I did have to consciously avoid some of the usual turns of phrase from journal articles, and try to write more as people speak, but it was much smoother than past experience. I attribute this to three things: part of it is simply that I’ve had more writing experience now. Part will be because this was shorter, so I was concentrating on optimising rather than writing lots. The biggest part was probably the input of the editor.

Unlike the trade magazines that I’ve written for before, which simply use your text verbatim, The Conversation (hereafter TC) assigns a professional editor to each article, as a newspaper might do. However, wheras for a newspaper you’d submit your copy and then be at the editor’s mercy, for TC it’s a two-way process where the researcher gets final approval of everything, including pictures and the headline. We did go back and forth a couple of times where the editor made things a bit too hyperbolic, claiming things that weren’t supported by the study – but she was willing to roll them back when I explained, and she did wonders for improving the readability of the article for the public. It’s a good way of working.

TC provides analytics, and I spent some of last week glued to that page. So far, three days after it appeared, it’s had 1450 readers. This is gratifying, and vastly surpasses both the audience that anything of mine has had before, and the audience that the vast majority of journal articles ever get. For a while I had a response of “eek. So many people. What if it’s controversial, or wrong?”, and I had to remind myself that I do have confidence in my results, and so does a peer reviewer or two.

On Twitter I was gratified to see it retweeted by such accounts as @NERCscience and @BGSScotland, in addition to my own institution. Most of those reads were in the first two days, while it was at the top of the feeds and making its way around social media, and it’s leveled off now; it probably won’t ever get many more. 28% of readers were in the US, which surprised me, 26% in the UK, which didn’t, and 31% in Other, which I wish was broken down more. I hope that a lot of that is Japan, since the article is about the energy situation there.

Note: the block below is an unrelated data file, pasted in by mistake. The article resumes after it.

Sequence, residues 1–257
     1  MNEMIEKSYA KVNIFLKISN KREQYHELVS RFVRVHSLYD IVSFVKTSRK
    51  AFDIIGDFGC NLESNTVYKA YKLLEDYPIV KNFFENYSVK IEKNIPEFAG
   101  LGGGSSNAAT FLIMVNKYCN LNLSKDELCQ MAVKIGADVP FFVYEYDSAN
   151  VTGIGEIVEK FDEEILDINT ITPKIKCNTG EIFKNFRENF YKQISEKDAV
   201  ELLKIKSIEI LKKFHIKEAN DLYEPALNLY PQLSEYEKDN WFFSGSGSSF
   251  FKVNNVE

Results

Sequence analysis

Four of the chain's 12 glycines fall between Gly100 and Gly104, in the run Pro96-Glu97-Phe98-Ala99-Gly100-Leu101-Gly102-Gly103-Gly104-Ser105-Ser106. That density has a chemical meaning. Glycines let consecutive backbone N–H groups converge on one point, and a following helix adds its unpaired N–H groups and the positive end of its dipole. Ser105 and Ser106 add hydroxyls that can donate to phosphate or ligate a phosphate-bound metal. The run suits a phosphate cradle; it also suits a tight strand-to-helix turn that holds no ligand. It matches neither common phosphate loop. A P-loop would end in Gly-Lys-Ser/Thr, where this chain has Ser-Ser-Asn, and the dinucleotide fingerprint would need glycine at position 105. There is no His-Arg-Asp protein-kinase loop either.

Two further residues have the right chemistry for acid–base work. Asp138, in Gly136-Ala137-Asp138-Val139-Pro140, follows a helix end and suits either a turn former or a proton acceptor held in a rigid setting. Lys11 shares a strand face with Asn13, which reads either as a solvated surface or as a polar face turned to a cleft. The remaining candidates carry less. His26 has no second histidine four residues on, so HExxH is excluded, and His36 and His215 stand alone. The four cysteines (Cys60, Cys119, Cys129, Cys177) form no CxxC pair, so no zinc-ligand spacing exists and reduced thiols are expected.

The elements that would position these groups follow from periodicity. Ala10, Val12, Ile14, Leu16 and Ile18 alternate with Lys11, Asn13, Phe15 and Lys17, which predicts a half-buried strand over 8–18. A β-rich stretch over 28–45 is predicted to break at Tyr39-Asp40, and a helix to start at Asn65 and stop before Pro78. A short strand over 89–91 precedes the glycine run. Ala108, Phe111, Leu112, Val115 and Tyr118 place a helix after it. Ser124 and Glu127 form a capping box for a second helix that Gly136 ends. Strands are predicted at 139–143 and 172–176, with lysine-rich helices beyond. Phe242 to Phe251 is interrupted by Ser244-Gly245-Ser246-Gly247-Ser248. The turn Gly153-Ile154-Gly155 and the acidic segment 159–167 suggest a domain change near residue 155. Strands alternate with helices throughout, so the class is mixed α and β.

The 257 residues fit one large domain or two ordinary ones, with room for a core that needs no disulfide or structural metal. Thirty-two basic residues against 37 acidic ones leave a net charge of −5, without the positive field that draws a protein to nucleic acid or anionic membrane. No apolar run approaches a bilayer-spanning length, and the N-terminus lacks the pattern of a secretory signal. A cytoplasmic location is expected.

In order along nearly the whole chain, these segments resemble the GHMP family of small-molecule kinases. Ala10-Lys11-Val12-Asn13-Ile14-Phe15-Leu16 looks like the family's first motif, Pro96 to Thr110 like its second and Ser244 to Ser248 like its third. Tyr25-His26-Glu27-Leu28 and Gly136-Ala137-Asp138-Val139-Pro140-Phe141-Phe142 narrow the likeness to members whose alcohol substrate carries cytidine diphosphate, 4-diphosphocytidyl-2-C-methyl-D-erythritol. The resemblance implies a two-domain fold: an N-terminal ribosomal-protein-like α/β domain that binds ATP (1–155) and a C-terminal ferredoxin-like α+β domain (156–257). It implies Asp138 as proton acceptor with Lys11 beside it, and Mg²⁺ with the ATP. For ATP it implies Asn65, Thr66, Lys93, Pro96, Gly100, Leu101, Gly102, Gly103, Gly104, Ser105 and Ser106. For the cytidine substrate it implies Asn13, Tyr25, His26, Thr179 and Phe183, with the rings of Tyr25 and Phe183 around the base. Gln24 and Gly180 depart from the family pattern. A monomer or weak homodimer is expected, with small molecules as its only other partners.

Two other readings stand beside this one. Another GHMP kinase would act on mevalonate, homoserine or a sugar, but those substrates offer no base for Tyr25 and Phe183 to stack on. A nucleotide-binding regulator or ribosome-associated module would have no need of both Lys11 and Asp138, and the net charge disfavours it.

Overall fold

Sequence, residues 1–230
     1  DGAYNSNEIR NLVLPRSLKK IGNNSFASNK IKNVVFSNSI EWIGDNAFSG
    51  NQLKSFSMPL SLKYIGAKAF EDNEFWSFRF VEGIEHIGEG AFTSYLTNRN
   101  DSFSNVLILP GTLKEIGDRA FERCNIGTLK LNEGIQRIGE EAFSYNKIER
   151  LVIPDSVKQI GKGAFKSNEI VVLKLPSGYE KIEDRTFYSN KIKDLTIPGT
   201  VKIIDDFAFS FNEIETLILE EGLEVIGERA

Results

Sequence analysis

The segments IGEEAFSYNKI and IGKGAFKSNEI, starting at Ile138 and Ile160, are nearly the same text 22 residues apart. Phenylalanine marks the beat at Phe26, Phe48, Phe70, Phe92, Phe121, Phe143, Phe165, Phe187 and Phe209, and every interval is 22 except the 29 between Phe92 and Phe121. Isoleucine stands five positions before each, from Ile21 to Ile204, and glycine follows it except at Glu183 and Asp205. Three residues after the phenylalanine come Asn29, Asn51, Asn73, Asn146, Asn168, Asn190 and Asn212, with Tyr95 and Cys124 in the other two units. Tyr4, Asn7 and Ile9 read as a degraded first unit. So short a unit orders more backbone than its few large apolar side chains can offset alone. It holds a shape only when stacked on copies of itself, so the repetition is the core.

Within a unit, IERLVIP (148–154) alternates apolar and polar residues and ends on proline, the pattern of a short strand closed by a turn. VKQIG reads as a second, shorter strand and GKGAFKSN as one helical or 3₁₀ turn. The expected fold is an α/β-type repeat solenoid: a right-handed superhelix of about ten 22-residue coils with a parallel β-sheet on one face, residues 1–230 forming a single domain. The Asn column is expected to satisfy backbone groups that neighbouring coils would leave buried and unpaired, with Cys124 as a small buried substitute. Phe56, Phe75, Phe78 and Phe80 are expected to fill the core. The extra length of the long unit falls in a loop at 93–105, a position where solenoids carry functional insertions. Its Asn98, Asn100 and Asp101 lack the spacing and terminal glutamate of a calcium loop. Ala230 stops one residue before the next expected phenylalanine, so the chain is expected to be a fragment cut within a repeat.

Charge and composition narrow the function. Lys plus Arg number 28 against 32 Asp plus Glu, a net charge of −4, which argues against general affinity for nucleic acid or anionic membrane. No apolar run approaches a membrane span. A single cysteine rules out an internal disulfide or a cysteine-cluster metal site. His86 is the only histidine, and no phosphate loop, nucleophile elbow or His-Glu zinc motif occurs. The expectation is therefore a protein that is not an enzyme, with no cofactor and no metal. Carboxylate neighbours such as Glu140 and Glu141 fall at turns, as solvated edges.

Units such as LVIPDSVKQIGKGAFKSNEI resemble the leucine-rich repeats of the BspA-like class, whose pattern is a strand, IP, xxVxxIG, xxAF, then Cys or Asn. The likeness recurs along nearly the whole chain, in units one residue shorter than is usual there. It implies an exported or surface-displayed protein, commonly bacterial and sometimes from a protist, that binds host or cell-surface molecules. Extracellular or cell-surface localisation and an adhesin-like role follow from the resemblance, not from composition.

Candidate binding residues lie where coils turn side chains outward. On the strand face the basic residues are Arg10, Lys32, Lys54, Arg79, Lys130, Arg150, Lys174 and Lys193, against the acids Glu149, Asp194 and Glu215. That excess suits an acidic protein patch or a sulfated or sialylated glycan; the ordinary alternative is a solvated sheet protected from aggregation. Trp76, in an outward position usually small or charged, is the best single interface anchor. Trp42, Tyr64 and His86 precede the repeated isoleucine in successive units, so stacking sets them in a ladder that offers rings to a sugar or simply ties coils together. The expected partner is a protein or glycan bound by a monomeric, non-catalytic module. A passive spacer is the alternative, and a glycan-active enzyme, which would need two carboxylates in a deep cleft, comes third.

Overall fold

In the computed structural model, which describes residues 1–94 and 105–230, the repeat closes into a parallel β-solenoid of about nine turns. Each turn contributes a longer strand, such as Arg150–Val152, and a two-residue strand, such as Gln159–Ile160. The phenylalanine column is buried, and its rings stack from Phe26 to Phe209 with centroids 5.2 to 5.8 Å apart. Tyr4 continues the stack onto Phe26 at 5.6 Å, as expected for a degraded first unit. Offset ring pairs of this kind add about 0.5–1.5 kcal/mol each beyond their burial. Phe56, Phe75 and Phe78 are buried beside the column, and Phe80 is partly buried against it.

A dog staring intently at a laptop screen

Readers. (Photo:
Jean Beaufort. Public domain (CC0))

TC also provides analytics that compare your reader numbers to articles published by others from your own institution, and I found myself feeling surprisingly competitive as I watched mine climb from the bottom to… well, quite near the bottom still. The high-flyers there are timely articles that tie in with a news story, or social science based ones that resonate with the zeitgeist and get picked up and republished by The Guardian. That’s fair enough. But having more readers than the articles by two of my former bosses is strangely gratifying!

This wasn’t a major time investment. It probably took two hours to write – which would be less with practice – and maybe an hour after that for editing and correspondence. When considered in the context of the number of hours that go into performing research and getting it into journals, it’s nothing – and it’s a nothing that brings the research to more than a thousand eyes. Good experience, would do again 🙂

Posted by simon in Publications, Reflective